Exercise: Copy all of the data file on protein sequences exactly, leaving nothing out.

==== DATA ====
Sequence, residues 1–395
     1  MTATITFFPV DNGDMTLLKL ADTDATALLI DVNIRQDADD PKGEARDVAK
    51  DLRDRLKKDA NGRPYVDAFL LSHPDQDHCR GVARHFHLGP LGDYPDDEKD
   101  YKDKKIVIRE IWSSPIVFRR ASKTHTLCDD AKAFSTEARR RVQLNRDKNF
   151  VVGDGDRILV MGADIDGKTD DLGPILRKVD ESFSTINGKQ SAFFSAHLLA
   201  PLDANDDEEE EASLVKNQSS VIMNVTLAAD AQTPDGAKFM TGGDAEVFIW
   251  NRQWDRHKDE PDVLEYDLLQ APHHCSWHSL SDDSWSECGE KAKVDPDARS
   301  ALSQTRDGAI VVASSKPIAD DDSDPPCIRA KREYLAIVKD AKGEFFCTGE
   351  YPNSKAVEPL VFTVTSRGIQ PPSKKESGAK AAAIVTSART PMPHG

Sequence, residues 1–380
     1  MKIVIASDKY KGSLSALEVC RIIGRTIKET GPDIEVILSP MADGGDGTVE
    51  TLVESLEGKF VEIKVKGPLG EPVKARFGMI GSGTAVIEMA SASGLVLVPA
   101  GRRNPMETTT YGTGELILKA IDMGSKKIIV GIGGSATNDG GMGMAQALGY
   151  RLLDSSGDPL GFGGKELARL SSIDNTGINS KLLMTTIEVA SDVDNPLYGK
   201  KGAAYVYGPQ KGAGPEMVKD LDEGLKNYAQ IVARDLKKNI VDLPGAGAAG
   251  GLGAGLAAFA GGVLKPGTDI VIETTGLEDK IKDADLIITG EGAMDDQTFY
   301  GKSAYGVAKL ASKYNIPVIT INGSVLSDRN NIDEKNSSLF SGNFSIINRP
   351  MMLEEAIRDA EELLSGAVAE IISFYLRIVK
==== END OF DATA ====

Sequence, residues 1–395
     1  MTATITFFPV DNGDMTLLKL ADTDATALLI DVNIRQDADD PKGEARDVAK
    51  DLRDRLKKDA NGRPYVDAFL LSHPDQDHCR GVARHFHLGP LGDYPDDEKD
   101  YKDKKIVIRE IWSSPIVFRR ASKTHTLCDD AKAFSTEARR RVQLNRDKNF
   151  VVGDGDRILV MGADIDGKTD DLGPILRKVD ESFSTINGKQ SAFFSAHLLA
   201  PLDANDDEEE EASLVKNQSS VIMNVTLAAD AQTPDGAKFM TGGDAEVFIW
   251  NRQWDRHKDE PDVLEYDLLQ APHHCSWHSL SDDSWSECGE KAKVDPDARS
   301  ALSQTRDGAI VVASSKPIAD DDSDPPCIRA KREYLAIVKD AKGEFFCTGE
   351  YPNSKAVEPL VFTVTSRGIQ PPSKKESGAK AAAIVTSART PMPHG

Sequence, residues 1–380
     1  MKIVIASDKY KGSLSALEVC RIIGRTIKET GPDIEVILSP MADGGDGTVE
    51  TLVESLEGKF VEIKVKGPLG EPVKARFGMI GSGTAVIEMA SASGLVLVPA
   101  GRRNPMETTT YGTGELILKA IDMGSKKIIV GIGGSATNDG GMGMAQALGY
   151  RLLDSSGDPL GFGGKELARL SSIDNTGINS KLLMTTIEVA SDVDNPLYGK
   201  KGAAYVYGPQ KGAGPEMVKD LDEGLKNYAQ IVARDLKKNI VDLPGAGAAG
   251  GLGAGLAAFA GGVLKPGTDI VIETTGLEDK IKDADLIITG EGAMDDQTFY
   301  GKSAYGVAKL ASKYNIPVIT INGSVLSDRN NIDEKNSSLF SGNFSIINRP
   351  MMLEEAIRDA EELLSGAVAE IISFYLRIVK